In a major coup for the city, the first major solo exhibition of Andy Warhol’s works in the North of England arrives at the Tate today. We caught up with curator Darren Pih to guide you through how to get the best out of the exhibit.
How much of a coup for the city is securing the Warhol exhibition?
Transmitting Andy Warhol is the first major solo exhibition in the North of England that focuses on Warhol’s expanded practice, bringing together more than 100 works across a range of media and with major paintings to explore Warhol’s experiments with mass-produced imagery. I’m thrilled that we have this exhibition here in Liverpool and I’m sure our visitors will enjoy this new way of looking at Warhol’s practice.
Why is Andy Warhol so important to modern art?
Without question Warhol remains one of the most important and influential artists of the post-war period and the central figure associated with pop art. His legacy and impact on the work of other artists of subsequent generations is undeniable: his use of appropriated imagery, commercial reproduction techniques, and his infiltration into the mass media through his television, publishing and film work have all influenced or been seen as a challenge to post-Warhol artists.
What are your favourite aspects of the exhibition?
There are some incredible works going on display in the exhibition including Dance Diagram 1 1962, Flowers 1964-65 and the iconic Marilyn Diptych canvas painting from 1962, as well as a rarely seen television commercial from the 1960s. But what I’m looking forward to most is the spectacular re-evocation of Warhol’s famed ‘total art environment’ the Exploding Plastic Inevitable. Also known as the EPI, this was a series of multimedia events organised by Andy Warhol between 1966 and 1967, centred on musical performances by The Velvet Underground and Nico, screenings of Warhol’s films, and dancing and performances by regulars of Warhol’s Factory, known as Superstars. Our presentation of the EPI has been made in collaboration with the Warhol Museum in Pittsburgh and will be the first time it’s been presented in Europe.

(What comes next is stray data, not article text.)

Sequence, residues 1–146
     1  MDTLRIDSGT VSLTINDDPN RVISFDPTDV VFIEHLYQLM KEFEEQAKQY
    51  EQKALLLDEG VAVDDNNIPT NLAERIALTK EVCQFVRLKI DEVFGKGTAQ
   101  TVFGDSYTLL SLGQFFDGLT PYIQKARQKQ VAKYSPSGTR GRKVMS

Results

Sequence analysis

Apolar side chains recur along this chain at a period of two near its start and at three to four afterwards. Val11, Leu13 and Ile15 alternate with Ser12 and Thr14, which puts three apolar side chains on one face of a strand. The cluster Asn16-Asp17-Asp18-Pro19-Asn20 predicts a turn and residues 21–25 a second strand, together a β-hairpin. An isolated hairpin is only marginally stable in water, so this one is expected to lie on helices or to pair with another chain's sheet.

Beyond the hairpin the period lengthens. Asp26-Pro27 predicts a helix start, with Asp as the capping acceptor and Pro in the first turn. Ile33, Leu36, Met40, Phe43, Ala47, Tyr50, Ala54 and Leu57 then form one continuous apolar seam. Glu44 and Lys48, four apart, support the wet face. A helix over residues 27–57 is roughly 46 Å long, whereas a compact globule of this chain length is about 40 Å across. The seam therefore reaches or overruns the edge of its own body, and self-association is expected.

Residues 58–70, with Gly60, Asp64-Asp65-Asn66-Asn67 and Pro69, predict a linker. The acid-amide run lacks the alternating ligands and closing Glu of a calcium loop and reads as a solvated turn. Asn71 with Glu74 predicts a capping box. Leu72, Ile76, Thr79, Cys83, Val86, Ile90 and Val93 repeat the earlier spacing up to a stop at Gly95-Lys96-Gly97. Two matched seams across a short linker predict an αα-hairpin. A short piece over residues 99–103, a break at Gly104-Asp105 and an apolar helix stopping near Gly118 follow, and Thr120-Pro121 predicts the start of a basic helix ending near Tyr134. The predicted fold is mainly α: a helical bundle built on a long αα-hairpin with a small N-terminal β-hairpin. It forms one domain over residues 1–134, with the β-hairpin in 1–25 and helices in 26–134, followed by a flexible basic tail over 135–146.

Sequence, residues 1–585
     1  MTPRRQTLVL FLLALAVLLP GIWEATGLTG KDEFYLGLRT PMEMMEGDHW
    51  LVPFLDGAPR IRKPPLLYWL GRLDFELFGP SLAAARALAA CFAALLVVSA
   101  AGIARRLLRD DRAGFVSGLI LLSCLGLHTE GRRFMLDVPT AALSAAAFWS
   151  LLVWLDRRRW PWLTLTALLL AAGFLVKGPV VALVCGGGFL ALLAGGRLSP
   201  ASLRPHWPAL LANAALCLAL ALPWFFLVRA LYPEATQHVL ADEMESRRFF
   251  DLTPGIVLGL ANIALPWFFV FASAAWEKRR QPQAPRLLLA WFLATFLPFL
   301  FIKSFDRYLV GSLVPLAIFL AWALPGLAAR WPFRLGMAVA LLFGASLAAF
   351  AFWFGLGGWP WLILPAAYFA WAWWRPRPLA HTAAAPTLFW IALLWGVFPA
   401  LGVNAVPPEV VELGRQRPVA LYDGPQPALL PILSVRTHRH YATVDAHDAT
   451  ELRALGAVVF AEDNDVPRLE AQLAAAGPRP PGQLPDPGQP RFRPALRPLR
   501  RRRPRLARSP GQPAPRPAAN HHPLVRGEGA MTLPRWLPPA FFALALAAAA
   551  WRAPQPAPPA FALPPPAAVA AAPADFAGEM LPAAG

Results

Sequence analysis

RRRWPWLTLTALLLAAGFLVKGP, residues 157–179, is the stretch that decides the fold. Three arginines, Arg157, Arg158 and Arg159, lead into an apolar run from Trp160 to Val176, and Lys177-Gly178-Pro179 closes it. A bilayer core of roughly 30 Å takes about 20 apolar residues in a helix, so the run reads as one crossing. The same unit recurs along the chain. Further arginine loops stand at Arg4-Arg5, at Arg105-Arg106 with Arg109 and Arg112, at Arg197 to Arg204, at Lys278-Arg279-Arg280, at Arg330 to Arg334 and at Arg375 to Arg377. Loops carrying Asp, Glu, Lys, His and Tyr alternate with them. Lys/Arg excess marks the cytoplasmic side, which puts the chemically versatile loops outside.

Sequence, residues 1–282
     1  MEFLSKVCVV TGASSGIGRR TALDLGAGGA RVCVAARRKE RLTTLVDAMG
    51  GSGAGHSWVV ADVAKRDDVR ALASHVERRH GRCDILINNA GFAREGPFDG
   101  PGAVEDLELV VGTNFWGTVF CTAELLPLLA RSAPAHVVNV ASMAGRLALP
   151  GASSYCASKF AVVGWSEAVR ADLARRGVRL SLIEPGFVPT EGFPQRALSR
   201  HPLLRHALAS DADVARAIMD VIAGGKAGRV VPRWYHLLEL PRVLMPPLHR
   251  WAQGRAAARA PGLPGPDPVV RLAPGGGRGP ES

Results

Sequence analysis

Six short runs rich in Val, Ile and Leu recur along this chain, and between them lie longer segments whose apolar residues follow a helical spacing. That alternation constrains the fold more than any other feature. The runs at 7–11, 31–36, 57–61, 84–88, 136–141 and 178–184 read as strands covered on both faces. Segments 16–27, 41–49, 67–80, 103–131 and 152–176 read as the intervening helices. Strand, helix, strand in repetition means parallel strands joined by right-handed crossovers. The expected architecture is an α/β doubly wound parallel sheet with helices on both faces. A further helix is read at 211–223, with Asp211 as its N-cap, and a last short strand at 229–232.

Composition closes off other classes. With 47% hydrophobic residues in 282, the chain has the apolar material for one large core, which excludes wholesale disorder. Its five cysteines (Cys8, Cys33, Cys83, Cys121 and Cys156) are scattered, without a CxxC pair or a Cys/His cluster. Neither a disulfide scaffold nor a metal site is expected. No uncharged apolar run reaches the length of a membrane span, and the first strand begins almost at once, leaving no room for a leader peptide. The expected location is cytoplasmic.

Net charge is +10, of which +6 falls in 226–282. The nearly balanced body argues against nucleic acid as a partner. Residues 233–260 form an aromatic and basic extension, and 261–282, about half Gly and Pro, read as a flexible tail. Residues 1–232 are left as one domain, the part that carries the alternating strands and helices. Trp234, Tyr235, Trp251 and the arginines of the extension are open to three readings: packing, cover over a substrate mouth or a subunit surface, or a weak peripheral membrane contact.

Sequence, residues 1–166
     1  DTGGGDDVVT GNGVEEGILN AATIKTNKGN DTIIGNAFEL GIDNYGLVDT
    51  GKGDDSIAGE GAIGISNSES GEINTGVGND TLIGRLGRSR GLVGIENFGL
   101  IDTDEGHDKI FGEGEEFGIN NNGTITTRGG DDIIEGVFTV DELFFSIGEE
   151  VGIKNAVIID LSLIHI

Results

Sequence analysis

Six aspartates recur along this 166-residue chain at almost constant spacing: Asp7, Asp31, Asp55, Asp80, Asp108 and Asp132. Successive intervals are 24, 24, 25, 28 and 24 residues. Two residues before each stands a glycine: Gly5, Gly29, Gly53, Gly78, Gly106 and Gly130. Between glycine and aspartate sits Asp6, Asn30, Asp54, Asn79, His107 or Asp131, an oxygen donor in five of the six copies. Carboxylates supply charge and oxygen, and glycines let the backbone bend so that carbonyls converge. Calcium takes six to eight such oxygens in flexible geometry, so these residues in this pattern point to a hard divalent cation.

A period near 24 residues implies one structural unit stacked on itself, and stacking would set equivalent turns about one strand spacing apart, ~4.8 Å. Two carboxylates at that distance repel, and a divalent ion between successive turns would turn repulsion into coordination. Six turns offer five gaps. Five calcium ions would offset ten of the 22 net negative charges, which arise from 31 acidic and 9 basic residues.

What would you recommend for somebody who knows very little about art but wants to get the most out of their visit?
My first piece of advice would be to go onto the website www.tate.org.uk/liverpool to get a feel for what is on display. Here visitors can also find out about the accompanying programme of events, for example we have free daily talks that focus on works in our free collection displays which offer an introduction into the collection and are perfect for first time visitors. We also host a regular talks programme for our special exhibitions which are perfect for visitors who have an interest in the artist exhibited but want to hear more about them. But overall I’d say don’t be afraid because Tate Liverpool is here for everyone regardless of their arts knowledge and there is something here for everyone to enjoy.
Can you tell us about the other exhibitions (e.g. Gretchen Bender) and how it ties in with the Warhol pieces?
Bringing together a focused selection of works including Total Recall 1987, a monumental 24-monitor and multi-projection screen installation, the exhibition will be the first solo exhibition of Bender’s work in the UK. Bender worked with appropriated imagery, often from television and film, and also made music videos for bands such as Megadeth and R.E.M. Gretchen Bender will be exhibited alongside Transmitting Andy Warhol and also running concurrently on the ground floor Wolfson Gallery is The Serving Library to form Tate Liverpool’s autumn/winter season. Entitled, Making Things Public, visitors will explore how artists from different generations have responded to and experimented with the pervasive influence of mass and broadcast media.
Transmitting Andy Warhol is available to view at Tate Liverpool from 7 November to 8 February.
Andy Warhol, 1928-1987
Campbell’s Soup I 1968
Ten elements, silkscreens on paper
unconfirmed, each: 895 x 588 mm
© 2014 The Andy Warhol Foundation for the Visual Arts, Inc. / Artists Rights Society (ARS), New York and DACS, London